The Intelligent Auto button now calls up a new menu of options, with iA adding control over exposure and colour balance to the automatic mix. This menu also provides rapid access to scene modes, plus creative options including a faux tilt-shift Miniature Effect, 8mm movie, silent movie, and a time lapse option.

Polly Ripley

January 19, 2013, 11:52 pm

Revealing my ignorance here but when I read this...

"...each sensor has a whopping 12.76Mpixels. This makes a grand total of
38.28Mpixels – more than most premium DSLRs. However, not all of them
are used for video or still images, with an effective 8.49Mpixels called
upon in each case..."

...I wonder, why? Why have all those Mpixels and not use them all?


January 20, 2013, 11:25 pm

It's all to do with money.

Its cheaper for Panasonic to buy those sensors than a custom made set. Not saying those are cheap sensors but they will have been the cheapest ones that ticked all the boxes.

Why does Panasonic not use all of the sensor? Optically it can't. The sensors are too large and the optics can't throw the picture across such a large area. All the pixels over 2.1mp (on each sensors in this case) is just used for the fancy digital zoom which in all fairness does actually work really well.

What I would really like to see is a someone make a nice high camcorder like this but with just 1 large sensor at the same size as what optically the camera is capable of using. I am not sure how much of a difference 3 sensors really makes over 1 good one. The next model down from this V720 uses just 1 sensor but only uses 1/5th of the overall size of the sensor so while on paper it looks like a great sized sensor it may as well be tiny. But again in fairness to Panasonic it still manages a good image quality.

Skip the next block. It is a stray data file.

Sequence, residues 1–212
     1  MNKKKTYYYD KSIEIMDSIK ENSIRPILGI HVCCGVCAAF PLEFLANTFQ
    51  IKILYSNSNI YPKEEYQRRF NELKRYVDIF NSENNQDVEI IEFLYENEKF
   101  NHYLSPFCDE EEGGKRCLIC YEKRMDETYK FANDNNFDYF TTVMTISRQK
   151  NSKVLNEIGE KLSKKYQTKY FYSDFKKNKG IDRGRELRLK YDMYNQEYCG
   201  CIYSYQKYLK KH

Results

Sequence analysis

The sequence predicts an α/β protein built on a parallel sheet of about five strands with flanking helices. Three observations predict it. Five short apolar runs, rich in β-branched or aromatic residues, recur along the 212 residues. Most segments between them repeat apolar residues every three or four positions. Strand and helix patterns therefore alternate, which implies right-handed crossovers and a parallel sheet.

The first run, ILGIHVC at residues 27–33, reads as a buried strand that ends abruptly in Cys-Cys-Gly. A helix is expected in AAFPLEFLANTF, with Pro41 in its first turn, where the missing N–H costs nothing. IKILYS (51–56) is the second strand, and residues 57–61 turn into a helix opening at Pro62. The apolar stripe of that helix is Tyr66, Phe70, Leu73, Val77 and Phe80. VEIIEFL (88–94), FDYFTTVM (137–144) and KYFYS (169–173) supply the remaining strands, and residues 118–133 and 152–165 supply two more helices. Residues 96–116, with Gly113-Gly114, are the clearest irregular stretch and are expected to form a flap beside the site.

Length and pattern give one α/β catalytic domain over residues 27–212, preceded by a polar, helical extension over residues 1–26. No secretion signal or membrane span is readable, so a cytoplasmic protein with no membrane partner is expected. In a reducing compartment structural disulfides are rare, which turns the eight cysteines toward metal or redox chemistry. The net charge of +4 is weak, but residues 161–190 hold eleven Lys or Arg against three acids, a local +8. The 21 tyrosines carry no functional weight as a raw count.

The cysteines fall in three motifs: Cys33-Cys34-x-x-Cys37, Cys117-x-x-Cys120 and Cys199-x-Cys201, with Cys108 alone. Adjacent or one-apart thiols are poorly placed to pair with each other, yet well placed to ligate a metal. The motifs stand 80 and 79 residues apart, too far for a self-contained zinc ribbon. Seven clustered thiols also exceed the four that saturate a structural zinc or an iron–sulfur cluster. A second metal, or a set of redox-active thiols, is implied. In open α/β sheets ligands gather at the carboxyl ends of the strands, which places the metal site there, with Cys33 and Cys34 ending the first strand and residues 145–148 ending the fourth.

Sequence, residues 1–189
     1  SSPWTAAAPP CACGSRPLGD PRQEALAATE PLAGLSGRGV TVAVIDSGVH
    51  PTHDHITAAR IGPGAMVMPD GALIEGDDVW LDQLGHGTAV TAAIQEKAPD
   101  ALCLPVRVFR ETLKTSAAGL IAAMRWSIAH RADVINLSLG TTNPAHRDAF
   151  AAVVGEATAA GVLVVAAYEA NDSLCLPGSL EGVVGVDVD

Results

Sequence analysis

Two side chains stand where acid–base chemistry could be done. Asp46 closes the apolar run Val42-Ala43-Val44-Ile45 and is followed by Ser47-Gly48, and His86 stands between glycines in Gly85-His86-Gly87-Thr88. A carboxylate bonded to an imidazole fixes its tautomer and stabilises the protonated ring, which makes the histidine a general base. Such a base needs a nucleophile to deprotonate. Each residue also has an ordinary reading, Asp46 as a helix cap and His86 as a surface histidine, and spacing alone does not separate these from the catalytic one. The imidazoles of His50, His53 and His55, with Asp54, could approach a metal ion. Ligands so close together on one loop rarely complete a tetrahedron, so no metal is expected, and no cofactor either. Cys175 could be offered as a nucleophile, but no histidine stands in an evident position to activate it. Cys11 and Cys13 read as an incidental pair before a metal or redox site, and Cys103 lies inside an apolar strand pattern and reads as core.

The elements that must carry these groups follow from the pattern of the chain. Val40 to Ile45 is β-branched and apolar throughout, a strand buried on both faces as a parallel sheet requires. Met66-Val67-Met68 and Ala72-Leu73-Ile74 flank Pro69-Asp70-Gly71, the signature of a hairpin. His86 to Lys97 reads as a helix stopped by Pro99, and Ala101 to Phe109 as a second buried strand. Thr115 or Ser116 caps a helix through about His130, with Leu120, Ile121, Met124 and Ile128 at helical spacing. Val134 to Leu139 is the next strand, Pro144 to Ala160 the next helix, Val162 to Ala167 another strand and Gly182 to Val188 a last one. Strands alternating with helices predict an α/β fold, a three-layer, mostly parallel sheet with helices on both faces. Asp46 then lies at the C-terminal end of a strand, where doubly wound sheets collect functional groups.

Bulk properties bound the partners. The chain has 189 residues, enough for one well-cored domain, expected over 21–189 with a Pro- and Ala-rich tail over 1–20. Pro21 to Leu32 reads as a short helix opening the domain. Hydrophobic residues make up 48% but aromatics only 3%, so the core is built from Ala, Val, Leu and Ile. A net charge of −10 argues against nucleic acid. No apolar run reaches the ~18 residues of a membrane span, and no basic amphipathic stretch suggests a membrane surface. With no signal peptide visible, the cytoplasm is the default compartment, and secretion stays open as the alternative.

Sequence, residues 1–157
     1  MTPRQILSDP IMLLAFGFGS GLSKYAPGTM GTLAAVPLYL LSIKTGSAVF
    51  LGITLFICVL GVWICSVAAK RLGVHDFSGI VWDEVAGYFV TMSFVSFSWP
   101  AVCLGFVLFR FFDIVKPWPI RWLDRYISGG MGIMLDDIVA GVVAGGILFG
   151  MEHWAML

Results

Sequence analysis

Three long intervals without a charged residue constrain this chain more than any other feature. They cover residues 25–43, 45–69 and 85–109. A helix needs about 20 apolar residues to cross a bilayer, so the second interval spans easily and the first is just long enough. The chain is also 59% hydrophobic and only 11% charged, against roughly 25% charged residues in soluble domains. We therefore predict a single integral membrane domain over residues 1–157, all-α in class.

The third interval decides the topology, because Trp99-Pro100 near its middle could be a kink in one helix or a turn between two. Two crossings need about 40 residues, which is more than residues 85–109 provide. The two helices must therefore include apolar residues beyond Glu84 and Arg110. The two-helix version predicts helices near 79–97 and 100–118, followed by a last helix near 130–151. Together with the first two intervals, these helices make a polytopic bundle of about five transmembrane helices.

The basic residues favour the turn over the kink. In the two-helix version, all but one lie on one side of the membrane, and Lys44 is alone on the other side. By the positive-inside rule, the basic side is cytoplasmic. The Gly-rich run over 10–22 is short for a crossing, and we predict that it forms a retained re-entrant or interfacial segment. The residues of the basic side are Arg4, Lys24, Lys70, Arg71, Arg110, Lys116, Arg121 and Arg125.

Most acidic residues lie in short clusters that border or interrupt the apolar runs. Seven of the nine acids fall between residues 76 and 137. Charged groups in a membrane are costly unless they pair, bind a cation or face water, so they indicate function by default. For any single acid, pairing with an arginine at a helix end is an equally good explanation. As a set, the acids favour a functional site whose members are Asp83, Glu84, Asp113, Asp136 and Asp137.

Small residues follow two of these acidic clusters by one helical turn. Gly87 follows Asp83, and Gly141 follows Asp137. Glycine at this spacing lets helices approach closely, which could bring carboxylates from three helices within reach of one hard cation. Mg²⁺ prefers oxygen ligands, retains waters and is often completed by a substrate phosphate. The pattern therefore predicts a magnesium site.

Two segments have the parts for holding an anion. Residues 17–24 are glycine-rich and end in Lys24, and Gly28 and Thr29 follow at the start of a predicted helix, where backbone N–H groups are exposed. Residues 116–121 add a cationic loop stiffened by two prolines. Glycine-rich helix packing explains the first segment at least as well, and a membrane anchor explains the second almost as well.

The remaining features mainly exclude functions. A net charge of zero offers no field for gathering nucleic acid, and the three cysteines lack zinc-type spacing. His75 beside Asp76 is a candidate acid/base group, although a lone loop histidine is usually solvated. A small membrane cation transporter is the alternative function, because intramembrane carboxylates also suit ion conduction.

Polly Ripley

January 22, 2013, 2:02 am

Thanks for taking the time to explain that to me. Greatly appreciated.


January 22, 2013, 7:22 pm

No problem Polly, I think its really misleading when a manufacturer boasts its got a massive 16mp, 1/2.1" sensor but then in tiny small print you realise that actually it can only use about 1/5" of this sensor and give you 5mp photos.

Most of the time you can tell by what resolution it can take photos at, if its got a 16mp sensor but only taking photos at 5mp then chances are it is only able to use a small proportion of this sensor. You have to watch out for interpolarisation though, this is what a low res sensor 'upscales' images to higher res but in reality they never look very good and just give you bigger file sizes without more detail.

E.G.: Panasonic V700, it has 1/2.33in CMOS with 15.3Mpixels but can only take 6.1mp photos (they are also pretty awful photos, but video is top notch).

But the new Panasonic V720 is very misleading, it has a 1/2.33in CMOS with 17.52Mpixels and takes photos at 20.1mp. So you think ok, it interpolates a little but no, when it takes a photo it only uses 4.1mp and then interpolates that image up to 20.1mp. This is totally pointless and never gives you anything like a proper 20.1 image.

Again this is a manufacturer trying to boast about a large, high resolution sensor but actually only uses a tiny portion of this sensor whether taking photos or in video mode.


January 22, 2013, 10:38 pm

Some enterprising individual should get to work on a firmware hack to open up the full capacity of the sensor. ;)


January 22, 2013, 11:24 pm

If only they could.

Optically the most the lens on this camcorder can project onto is around the 4mp. The rest of the sensor may as well be made out of cheese.


January 24, 2013, 10:56 am

Wow that's misleading. These camcorders do use all of the sensor. What they don't do is use all of it all of the time.

For the normal optical zoom range the whole of the sensor is used and the extra pixels are used for over-sampling. This is where several adjacent pixels are combined to form an average. This is done for a number of reasons but the main one is that it allows the camera to be much more sensitive to light without losing any colour accuracy, i.e. the image doesn't become noisy and grainy in low light conditions.